245     optimizations were implemented in the <b>pcre_exec()</b> function, the
246     PCRE_PARTIAL option (predecessor of PCRE_PARTIAL_SOFT) could not be used with
247     all patterns. From release 8.00 onwards, the restrictions no longer apply, and
248 ph10 869 partial matching with can be requested for any pattern.
249 ph10 429 </P>
250     <P>
251     Items that were formerly restricted were repeated single characters and
252     repeated metasequences. If PCRE_PARTIAL was set for a pattern that did not
253     conform to the restrictions, <b>pcre_exec()</b> returned the error code
254     PCRE_ERROR_BADPARTIAL (-13). This error code is no longer in use. The
255     PCRE_INFO_OKPARTIAL call to <b>pcre_fullinfo()</b> to find out if a compiled
256     pattern can be used for partial matching now always returns 1.
257     </P>
258     <br><a name="SEC6" href="#TOC1">EXAMPLE OF PARTIAL MATCHING USING PCRETEST</a><br>
259     <P>
260 nigel 75 If the escape sequence \P is present in a <b>pcretest</b> data line, the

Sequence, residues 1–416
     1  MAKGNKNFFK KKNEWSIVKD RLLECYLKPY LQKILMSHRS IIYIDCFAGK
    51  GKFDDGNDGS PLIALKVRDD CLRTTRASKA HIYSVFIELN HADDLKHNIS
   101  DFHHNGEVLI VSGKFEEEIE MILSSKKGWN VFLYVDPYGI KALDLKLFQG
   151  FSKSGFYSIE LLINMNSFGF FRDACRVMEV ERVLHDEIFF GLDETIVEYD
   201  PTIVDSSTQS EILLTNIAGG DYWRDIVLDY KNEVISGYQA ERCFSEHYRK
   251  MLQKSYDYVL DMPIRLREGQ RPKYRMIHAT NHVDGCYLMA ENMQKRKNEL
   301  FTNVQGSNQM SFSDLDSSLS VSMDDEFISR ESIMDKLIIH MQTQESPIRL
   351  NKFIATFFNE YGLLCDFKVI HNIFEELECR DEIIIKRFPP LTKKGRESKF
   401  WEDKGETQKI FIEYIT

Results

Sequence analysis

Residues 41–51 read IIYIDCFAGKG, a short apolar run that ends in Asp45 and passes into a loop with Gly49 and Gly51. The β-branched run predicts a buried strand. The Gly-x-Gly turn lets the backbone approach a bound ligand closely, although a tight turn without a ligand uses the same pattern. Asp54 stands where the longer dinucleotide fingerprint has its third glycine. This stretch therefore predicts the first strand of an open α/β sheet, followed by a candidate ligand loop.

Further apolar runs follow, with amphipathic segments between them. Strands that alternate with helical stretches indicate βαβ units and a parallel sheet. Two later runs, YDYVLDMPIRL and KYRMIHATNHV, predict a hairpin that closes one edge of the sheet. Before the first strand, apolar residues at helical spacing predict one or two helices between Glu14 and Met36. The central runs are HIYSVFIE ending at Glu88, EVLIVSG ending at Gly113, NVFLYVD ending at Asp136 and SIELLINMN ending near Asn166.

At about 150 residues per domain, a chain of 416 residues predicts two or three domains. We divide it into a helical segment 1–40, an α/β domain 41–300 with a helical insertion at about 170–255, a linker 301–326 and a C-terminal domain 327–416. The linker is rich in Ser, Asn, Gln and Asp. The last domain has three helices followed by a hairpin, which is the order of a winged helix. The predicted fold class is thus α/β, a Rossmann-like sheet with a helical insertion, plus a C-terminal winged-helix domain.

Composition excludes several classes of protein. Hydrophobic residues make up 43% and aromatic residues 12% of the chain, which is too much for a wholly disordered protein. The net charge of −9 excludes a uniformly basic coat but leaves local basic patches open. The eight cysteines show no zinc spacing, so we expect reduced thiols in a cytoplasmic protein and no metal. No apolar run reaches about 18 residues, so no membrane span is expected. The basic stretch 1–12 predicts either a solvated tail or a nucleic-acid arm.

261 ph10 429 PCRE_PARTIAL_SOFT option is used for the match. Here is a run of <b>pcretest</b>
262     that uses the date example quoted above:
263 nigel 75 <pre>
264     re&#62; /^\d?\d(jan|feb|mar|apr|may|jun|jul|aug|sep|oct|nov|dec)\d\d$/
265     data&#62; 25jun04\P
266     0: 25jun04
267     1: jun
268     data&#62; 25dec3\P
269 ph10 429 Partial match: 23dec3
270 nigel 75 data&#62; 3ju\P
271 ph10 429 Partial match: 3ju
272 nigel 75 data&#62; 3juj\P
273     No match
274     data&#62; j\P
275     No match
276     </pre>
277     The first data string is matched completely, so <b>pcretest</b> shows the
278     matched substrings. The remaining four strings do not match the complete
279 ph10 429 pattern, but the first two are partial matches. Similar output is obtained
280 ph10 869 if DFA matching is used.
281 nigel 75 </P>
282     <P>
283 ph10 429 If the escape sequence \P is present more than once in a <b>pcretest</b> data
284     line, the PCRE_PARTIAL_HARD option is set for the match.
285     </P>